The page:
|Publication number||US5220583 A|
|Application number||US 07/253,174|
|Publication date||Jun 15, 1993|
|Filing date||Oct 3, 1988|
|Priority date||Oct 3, 1988|
|Also published as||CA1336337C, CN1041679A, WO1990004292A1|
|Publication number||07253174, 253174, US 5220583 A, US 5220583A, US-A-5220583, US5220583 A, US5220583A|
|Inventors||James D. Solomon|
|Original Assignee||Motorola, Inc.|
|Export Citation||BiBTeX, EndNote, RefMan|
|Patent Citations (12), Referenced by (61), Classifications (10), Legal Events (6)|
|External Links: USPTO, USPTO Assignment, Espacenet|
This invention relates generally to FM radio communications.
Radio communications based upon frequency modulation of an information signal of interest are well known in the art. To date, most such radios have been analog based. Nevertheless some progress has been made in digitizing at least a portion of the reception, demodulation and/or audio processing functions of such a radio.
In order to facilitate such digital processing, the received FM signal must, at some point, be digitized through an appropriate sampling process. This signal may then be further processed to provide a digital signal suitable for demodulation and subsequent processing.
Well accepted sampling theory teaches that the signal to be sampled (see FIG. 1) should be sampled at frequency at least twice the bandwidth (+/-fFM in FIG. 1) of the original signal. Therefore, if we presume reception by the FM radio of an FM signal consigned to a plus/minus 12.5 kHz channel, an acceptable sampling rate of the FM signal (presuming zero IF) (fS in FIG. 2) must be 25 kHz or higher. If this criterion is not met, the frequency images can overlap one another (as depicted in FIG. 3), thereby giving rise to aliasing. According to traditional sampling theory, once a signal has been subjected to aliasing, it is theoretically impossible to reconstruct the original analog signal.
Because of this limitation, an FM radio that makes use of a digital signal processing platform must devote a significant amount of its resources towards processing of a significant number of samples that are representative of the original analog information signal.
Notwithstanding these teachings of the prior art, the applicant has discovered that a modulated signal, such as, for example, an angle modulated signal such as an FM signal, contained substantially within an allotted channel, which allotted channel has a predetermined bandwidth of approximately +/-fMAX, can be accurately represented in digitized form by sampling the FM signal at a sample rate fS, which sample rate fS is less than 2fMAX. This digitized signal can then be demodulated to provide an accurate representation of the original analog information signal.
The Applicant obtains these benefits notwithstanding a sampling rate that is significantly less than the theoretical minimum presupposed by the prior art. Because of the reduced sampling rate, processing demands on the digital signal processing platform are reduced significantly thereby beneficially affecting current drain, and making the digital signal processor available for other necessary activities.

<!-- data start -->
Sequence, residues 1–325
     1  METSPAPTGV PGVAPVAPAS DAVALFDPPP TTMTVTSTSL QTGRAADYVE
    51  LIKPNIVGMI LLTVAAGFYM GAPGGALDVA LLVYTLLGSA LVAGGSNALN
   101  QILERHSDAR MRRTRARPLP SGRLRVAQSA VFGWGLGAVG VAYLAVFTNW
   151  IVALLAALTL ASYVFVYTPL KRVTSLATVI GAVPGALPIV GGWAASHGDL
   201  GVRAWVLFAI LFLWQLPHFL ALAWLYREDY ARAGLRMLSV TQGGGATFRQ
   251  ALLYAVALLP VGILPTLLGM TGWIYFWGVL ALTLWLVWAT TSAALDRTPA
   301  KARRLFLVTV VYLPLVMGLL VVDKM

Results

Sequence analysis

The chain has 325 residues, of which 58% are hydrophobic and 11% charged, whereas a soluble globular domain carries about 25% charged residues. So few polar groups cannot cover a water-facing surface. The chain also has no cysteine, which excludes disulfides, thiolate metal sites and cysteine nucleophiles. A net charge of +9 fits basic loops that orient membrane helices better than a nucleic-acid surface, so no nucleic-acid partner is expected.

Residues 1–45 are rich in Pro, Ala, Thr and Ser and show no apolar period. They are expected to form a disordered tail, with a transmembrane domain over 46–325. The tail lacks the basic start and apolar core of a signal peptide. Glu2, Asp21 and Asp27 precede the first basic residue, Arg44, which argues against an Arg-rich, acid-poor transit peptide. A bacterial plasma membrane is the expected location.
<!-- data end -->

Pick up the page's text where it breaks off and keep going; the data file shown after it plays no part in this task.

FIG. 1 comprises a spectrum depiction of an FM signal within an allotted channel;
FIG. 2 comprises a first spectrum depiction of a signal as sampled;
FIG. 3 comprises a second spectrum depiction of a signal as sampled;
FIG. 4 comprises another spectrum depiction of an FM signal;
FIG. 5 comprises a block diagram depiction of the invention;
FIG. 6 comprises a diagrammatic depiction of functional operation of the decimating IF filter of the invention;
FIG. 7 comprises a depiction of the spectrum of an original information signal, and also comprises a depiction of the spectrum of the demodulated signal;
FIG. 8 comprises a depiction of the spectrum relative to a carrier of the information signal as frequency modulated on an appropriate carrier; and
FIG. 9 comprises a depiction of the spectrum of the information signal as frequency modulated and as under sampled by the invention.
Referring momentarily to FIG. 1, this description will presume provision of an information signal that is frequency modulated on an allocated channel having a predetermined bandwidth of approximately +/-12.5 kHz (+/-fMAX). Referring now to FIG. 5, this FM signal will be received by an antenna (501) and provided to a preselector and mixer circuit (502) to be processed in a manner well understood in the prior art. In this embodiment, it can be presumed that the output (503) of the preselector and mixer block (502) will comprise the information signal as frequency modulated on a 450 kHz carrier. This signal (503) will then be provided to an analog to digital convertor (504). Preferably, this A to D convertor (504) will be a sigma delta convertor as described, for example, in U.S. Ser. No. 149,350 filed Jan. 28, 1988, incorporated herein by reference. This A to D convertor (504) can have a sampling rate of, for example, 14.4 MHz.
The output of this A to D convertor (504) is provided to a mixer and filter stage (505). In general, the mixer reduces the carrier to zero and decimates the sampling rate from 14.4 MHz to an output signal (506) having an effective sampling frequency of 33 1/3 kHz.